Insights of an AIS-based Risk and Oil Spill assessment tool

The emergence of the internet, and, numerical modelling and the design, development and implementation of tools that enable an efficient coastal management (planning, prevention and response to oil spill) and risk assessment.

A combined methodology to dynamically estimate time and space variable shoreline risk levels from ships has been developed by the Marine Environment and Technology Centre in IST Lisbon and Action Modulers. The latter has been done by integrating numerical metocean forecasts and oil spill simulations with near real time AIS vessel traffic data from MarineTraffic API Service [27]. The risk assessment combines the likelihood of an oil spill occurring from vessels navigating in coastal areas with the assessed consequences to the shoreline.

Oil Spill AIS Data

Spill likelihood is based on dynamic marine weather conditions and statistical information from previous accidents. Shoreline consequences reflect the the spilled oil reaching the coastline and its environmental and socio-economic vulnerabilities. The oil reaching shoreline is quantified with an oil spill fate and behaviour model running multiple virtual spills from vessels over time.

Shoreline risks can be computed from data streamed in real time or from historical data. Results gathered within the Atlantic Regions Coastal Pollution Response project ARCOPOL have shown the ability of the proposed tool to estimate risks, sensitive to dynamic metocean conditions and to oil transport behaviour. Also, how the integration of meteoceanic and oil spill models with coastal vulnerability and AIS data in the quantification of risk, enhances the maritime situational awareness and the decision support model. This provides a more realistic approach in the assessment of shoreline impacts.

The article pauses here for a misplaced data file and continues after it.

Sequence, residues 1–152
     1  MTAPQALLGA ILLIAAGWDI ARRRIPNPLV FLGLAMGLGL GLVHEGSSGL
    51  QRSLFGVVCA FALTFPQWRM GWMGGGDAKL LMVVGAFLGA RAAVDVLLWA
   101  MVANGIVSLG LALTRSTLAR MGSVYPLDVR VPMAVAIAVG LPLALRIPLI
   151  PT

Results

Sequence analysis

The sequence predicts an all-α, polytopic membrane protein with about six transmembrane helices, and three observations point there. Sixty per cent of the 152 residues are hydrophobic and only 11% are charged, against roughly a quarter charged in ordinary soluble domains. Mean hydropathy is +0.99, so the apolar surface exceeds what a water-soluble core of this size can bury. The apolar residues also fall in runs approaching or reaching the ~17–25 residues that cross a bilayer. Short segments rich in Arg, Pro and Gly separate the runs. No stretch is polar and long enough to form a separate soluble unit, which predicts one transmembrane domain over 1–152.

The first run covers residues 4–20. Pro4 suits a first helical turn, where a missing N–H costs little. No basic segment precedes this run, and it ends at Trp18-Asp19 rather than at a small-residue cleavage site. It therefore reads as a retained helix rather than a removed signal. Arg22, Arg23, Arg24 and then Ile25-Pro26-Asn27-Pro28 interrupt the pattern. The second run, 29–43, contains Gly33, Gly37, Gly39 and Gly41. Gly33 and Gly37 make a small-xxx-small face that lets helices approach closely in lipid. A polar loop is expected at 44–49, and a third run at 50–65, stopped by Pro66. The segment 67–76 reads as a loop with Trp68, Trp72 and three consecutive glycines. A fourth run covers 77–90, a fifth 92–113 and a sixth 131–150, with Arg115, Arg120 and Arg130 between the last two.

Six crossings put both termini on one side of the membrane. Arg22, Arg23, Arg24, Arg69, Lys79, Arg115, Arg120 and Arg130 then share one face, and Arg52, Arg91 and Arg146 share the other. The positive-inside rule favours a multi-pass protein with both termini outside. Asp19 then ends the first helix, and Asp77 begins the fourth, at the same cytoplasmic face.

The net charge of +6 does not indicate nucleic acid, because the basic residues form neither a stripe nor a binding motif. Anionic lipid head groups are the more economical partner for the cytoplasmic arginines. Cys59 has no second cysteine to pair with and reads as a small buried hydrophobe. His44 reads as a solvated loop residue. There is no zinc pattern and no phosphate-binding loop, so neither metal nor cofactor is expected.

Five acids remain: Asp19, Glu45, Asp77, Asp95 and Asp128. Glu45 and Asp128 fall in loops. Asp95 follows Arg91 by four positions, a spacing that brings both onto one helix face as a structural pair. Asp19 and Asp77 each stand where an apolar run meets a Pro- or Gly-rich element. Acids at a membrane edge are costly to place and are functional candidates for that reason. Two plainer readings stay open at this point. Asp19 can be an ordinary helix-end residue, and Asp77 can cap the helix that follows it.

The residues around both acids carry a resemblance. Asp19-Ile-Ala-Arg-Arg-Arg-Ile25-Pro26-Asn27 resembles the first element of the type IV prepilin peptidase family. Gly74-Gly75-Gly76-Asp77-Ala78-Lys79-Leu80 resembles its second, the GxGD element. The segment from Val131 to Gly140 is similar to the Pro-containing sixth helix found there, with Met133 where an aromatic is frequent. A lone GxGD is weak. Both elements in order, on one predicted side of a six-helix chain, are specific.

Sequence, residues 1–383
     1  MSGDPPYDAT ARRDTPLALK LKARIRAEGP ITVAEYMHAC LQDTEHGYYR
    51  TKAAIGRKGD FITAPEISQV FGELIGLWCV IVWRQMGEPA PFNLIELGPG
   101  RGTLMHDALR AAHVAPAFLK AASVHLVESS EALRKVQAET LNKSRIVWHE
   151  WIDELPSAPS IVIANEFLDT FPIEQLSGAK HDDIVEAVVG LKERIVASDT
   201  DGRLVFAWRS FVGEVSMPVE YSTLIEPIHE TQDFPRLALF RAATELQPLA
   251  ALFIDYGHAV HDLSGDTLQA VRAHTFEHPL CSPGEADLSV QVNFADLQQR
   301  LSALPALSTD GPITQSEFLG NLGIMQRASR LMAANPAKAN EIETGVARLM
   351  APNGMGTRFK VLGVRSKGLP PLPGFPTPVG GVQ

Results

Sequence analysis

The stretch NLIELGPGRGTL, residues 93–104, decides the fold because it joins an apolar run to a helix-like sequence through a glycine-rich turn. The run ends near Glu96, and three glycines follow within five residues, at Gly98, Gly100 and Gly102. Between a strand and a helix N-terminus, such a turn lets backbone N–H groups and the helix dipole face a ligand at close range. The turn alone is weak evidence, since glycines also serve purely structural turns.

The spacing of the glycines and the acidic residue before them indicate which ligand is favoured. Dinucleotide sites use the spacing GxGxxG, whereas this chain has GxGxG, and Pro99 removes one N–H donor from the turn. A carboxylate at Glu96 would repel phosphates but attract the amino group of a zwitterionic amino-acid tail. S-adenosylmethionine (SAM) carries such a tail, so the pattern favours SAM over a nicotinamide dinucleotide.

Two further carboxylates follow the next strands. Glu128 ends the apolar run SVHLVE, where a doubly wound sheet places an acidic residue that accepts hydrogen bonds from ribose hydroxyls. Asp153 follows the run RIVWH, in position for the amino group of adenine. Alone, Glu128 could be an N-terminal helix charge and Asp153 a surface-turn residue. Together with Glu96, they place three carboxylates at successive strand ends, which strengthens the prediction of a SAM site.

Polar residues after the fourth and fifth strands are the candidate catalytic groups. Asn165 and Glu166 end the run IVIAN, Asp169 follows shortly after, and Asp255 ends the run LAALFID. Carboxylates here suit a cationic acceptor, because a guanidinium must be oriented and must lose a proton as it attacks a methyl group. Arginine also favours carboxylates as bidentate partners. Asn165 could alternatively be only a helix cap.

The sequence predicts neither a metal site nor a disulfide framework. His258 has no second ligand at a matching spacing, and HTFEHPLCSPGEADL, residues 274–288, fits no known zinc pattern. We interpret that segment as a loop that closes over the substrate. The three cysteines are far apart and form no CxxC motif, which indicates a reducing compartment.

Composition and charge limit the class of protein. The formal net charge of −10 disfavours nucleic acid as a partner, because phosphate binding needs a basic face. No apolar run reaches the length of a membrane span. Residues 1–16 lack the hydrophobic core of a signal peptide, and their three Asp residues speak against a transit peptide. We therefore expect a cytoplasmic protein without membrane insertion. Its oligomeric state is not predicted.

Indeed, the Lisbon Agreement, recently ratified by Spain, Morocco, France, Portugal and the EU envisions the regional cooperation in the case of marine pollution incidents. However, the Atlantic sub-region involving Morocco, Madeira and the Canary Islands has not been similarly prepared, despite the increasing oil & gas prospecting and drilling activities developed in this area. For this reason, the Multinational Response and Preparedness to Oil and Chemical spills (MARPOCS) promotes the implementation of a common operational framework supported with novel model-based decision support systems, which adapt to the region and are supported by cross border cooperation and the implementation and training of local, regional and national authorities.

Consortium of MARPOCS is formed by MATETEC-IST (Portugal), Action Modulers (Portugal), CEDRE (France), PLOCAN (Spain), ULPGC (Spain), INRH (Morocco), and OOM-ARDITI (Portugal). Members of its Advisory Board are the APRAM / Portos da Madeira (Portugal); Proteção Civil da Madeira (Portugal); the Directorate General of Security and Emergency of the Canary Islands Government, Spain (Spain); the SASEMAR (Spain); the DCPM-DGAM (Portugal); the African Maritime Safety and Security Agency (AMSSA); the Secretary General for Marine Fisheries at the Moroccan Ministry of Agriculture and Marine Fisheries of Morocco; the Ministry of Energy, Mining, Water and Environment of Morocco; MarineTraffic (UK); MARINER project (coordination: CETMAR); and HNS-MS project (coordination: RBINS). MARPOCS is a two-year project funded by the European Comission (ECHO/SUB/2015/713854/PREP08). Action Modulers is behind MARPOCS project concept and design. It is also supporting IST in the coordination of this project.

For additional information on the model, the reader is referred to Fernandes, R., Braunschweig, F., Lourenço, F., & Neves, R. (2015). Combining operational models and data into a dynamic vessel risk assessment tool for coastal regions. Ocean Science Discussions, 12(4).

Miluše is Academic Relations at MarineTraffic. Since 2013, she is responsible for the management of Academic accounts, Partnerships and Science.